Friday, 14 June 2013

Local Parks: Mugii Murrum-ban State Conservation Area

The Capertee district is rich in natural wonders and this has been recognised with the establishment of several local reserves, most notably the Capertee and Gardens of Stone National Parks. The most recent addition to the protected Crown Lands portfolio in the area is the Mugii Murrum-ban State Conservation Area which was established by the former Labor State Government in March 2011.

Apart from some perimeter signs there is little
evidence of any changes in this Conservation Area
 since it was established in 2011

This new Conservation Area consists of 3,650 hectares of land which roughly intersects the Capertee NP (to the north) and the Gardens of Stone NP (to the south). Much of the area of the new Mugii Murrum-ban State Conservation Area includes the picturesque peaks of Mount Genowlan and Mount Airly. While not having the full legal protection of a National Park or World Heritage Area this new reserve is an extension of the Gardens of Stone National Park which was originally established in 1994. The Conservation Area is named after the Wiradjuri Elder, Charley Riley. Mugii is Riley's Wiradjuri name and means a Mopoke Owl, while Murum-ban means eldest son in the Wiradjuri language.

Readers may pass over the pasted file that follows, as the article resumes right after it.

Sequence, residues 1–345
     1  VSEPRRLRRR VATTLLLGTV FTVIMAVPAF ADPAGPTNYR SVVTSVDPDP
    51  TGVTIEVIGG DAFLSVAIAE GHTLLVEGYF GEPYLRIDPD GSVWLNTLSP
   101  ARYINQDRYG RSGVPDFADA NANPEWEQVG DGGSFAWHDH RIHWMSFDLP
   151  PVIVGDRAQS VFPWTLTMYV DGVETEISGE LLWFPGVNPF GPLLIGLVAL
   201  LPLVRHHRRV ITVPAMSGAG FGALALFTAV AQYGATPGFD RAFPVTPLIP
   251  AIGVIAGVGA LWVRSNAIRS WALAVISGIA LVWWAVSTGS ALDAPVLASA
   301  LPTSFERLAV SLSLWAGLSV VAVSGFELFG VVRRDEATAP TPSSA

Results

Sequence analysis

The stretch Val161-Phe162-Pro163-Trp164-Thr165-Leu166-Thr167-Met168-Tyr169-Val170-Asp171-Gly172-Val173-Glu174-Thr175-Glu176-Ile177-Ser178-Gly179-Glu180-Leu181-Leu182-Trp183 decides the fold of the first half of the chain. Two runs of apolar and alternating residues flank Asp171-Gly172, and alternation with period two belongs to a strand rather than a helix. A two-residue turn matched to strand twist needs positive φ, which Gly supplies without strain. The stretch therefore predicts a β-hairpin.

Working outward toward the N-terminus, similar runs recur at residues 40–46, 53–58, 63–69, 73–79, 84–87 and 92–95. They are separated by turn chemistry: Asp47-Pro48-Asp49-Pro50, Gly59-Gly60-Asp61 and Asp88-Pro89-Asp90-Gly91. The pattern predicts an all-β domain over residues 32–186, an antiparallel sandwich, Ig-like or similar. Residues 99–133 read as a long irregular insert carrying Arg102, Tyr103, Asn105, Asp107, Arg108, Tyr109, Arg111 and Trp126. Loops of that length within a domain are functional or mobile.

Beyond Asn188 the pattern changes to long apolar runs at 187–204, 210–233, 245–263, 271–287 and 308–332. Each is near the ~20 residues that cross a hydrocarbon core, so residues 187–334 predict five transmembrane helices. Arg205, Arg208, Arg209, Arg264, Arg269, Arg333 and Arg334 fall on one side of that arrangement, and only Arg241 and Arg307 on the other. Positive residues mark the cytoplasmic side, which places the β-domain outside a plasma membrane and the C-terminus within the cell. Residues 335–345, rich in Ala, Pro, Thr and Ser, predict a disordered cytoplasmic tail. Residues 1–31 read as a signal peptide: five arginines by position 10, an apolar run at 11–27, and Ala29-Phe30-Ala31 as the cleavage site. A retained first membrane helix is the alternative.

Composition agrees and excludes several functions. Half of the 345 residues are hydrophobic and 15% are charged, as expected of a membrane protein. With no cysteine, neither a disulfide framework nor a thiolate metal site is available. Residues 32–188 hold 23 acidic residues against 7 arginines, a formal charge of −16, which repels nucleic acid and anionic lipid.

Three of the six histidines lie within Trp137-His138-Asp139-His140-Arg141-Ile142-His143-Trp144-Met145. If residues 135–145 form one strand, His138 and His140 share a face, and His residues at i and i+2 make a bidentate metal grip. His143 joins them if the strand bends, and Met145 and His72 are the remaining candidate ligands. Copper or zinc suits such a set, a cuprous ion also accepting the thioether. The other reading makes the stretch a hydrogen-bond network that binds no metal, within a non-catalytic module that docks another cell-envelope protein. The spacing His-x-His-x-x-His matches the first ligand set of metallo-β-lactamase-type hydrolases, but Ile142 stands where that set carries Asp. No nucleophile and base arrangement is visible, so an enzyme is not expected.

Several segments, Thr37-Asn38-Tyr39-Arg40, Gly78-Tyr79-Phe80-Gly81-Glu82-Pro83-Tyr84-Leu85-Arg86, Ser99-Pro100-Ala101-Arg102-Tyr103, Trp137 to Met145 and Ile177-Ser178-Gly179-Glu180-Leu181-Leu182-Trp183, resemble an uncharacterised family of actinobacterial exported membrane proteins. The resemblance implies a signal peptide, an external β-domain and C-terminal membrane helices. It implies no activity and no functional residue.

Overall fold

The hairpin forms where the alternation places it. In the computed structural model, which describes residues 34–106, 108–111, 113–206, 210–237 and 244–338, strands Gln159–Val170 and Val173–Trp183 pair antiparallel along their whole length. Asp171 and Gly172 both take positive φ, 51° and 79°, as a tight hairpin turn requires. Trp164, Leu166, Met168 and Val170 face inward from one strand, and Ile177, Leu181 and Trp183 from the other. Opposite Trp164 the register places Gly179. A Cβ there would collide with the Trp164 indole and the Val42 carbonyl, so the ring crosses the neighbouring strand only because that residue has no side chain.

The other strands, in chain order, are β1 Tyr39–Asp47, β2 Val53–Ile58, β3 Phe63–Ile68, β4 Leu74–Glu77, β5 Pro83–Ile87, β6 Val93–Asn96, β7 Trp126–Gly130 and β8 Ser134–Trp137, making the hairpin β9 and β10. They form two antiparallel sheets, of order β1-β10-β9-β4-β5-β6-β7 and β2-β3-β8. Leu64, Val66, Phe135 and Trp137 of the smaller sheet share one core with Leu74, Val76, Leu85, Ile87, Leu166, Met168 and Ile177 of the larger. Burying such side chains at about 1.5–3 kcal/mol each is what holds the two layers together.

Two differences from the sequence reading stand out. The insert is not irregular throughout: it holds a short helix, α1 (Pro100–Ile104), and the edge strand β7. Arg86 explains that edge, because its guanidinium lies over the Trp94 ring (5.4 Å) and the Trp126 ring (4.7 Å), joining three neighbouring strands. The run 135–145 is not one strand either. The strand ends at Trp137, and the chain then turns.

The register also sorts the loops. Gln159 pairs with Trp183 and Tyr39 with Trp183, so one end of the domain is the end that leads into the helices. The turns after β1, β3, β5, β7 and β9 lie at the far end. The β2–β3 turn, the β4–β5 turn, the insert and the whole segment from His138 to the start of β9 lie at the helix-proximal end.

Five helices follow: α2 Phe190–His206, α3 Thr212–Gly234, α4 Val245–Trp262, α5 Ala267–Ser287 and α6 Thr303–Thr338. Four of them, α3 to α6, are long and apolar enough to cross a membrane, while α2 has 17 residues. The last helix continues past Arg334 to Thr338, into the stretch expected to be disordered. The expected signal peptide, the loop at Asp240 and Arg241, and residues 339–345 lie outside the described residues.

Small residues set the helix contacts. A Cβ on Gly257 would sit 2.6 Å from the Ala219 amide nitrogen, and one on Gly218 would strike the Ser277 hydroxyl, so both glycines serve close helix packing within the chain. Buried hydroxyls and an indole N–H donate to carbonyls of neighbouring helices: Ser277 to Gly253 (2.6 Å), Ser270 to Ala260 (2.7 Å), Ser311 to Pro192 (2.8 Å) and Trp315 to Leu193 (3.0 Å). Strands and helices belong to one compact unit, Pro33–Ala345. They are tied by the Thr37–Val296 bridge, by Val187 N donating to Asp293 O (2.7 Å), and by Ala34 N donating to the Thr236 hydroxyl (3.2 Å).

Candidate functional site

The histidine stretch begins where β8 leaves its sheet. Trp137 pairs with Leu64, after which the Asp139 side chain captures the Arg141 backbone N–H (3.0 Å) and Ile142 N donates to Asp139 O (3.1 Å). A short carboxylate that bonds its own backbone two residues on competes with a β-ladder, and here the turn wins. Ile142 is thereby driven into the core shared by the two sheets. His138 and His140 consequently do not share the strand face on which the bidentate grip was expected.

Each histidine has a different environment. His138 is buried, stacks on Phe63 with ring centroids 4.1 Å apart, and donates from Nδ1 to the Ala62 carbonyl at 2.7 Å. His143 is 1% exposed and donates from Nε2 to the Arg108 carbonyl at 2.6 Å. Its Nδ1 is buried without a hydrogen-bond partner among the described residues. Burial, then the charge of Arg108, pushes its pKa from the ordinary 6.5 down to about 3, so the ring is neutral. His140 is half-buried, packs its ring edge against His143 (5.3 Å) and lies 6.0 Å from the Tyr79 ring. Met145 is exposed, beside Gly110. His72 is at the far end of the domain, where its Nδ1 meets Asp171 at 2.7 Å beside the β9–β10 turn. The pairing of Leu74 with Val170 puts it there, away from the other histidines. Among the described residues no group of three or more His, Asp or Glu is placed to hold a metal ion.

According to the New South Wales National Parks and Wildlife Service the new reserve includes more than 340 different plant species as well as distinctive sandstone and shale rock formations. Native vegetation includes several rare and endangered communities including plants associated with dwarf she-oak heathland, as well as 20 metre high Brown Barrel eucalyptus downstream of the "Grotto". Hopefully future National Parks and Wildlife funding will lead to more knowledge of the Conservation Area being known to the public.

Tangible evidence of the former mining village of Airly
 still survives in the newly established Conservation Area

Much of the drive to establish the reserve was the threat from coal mining in the area. Prior to the establishment of the Conservation Area proposed coal mining would have led to major subsidence as well as possible changes to the water table. After the Conservation Area was announced local miner Centennial Coal publicly welcomed the establishment of this State Conservation Area, but in late 2012 their Airly mine was scaled down due to financial reasons.

As well as the notable local geology and the diverse natural vegetation growing in the reserve, the Mugii Murrum-ban Conservation Area also includes archaeological remains of the former shale mining community of Airly, which was active from 1883-1913.While the nearby mining community of Glen Davis is relatively well documented the century old former shale mining community at Airly clearly shows the speed that human habitation turns to dust. Visible traces of this community includes mining ventilation shafts and the remains of several brick and stone dwellings.

Link to National Parks & Wildlife website:

No comments:

Post a Comment

Related Posts Plugin for WordPress, Blogger...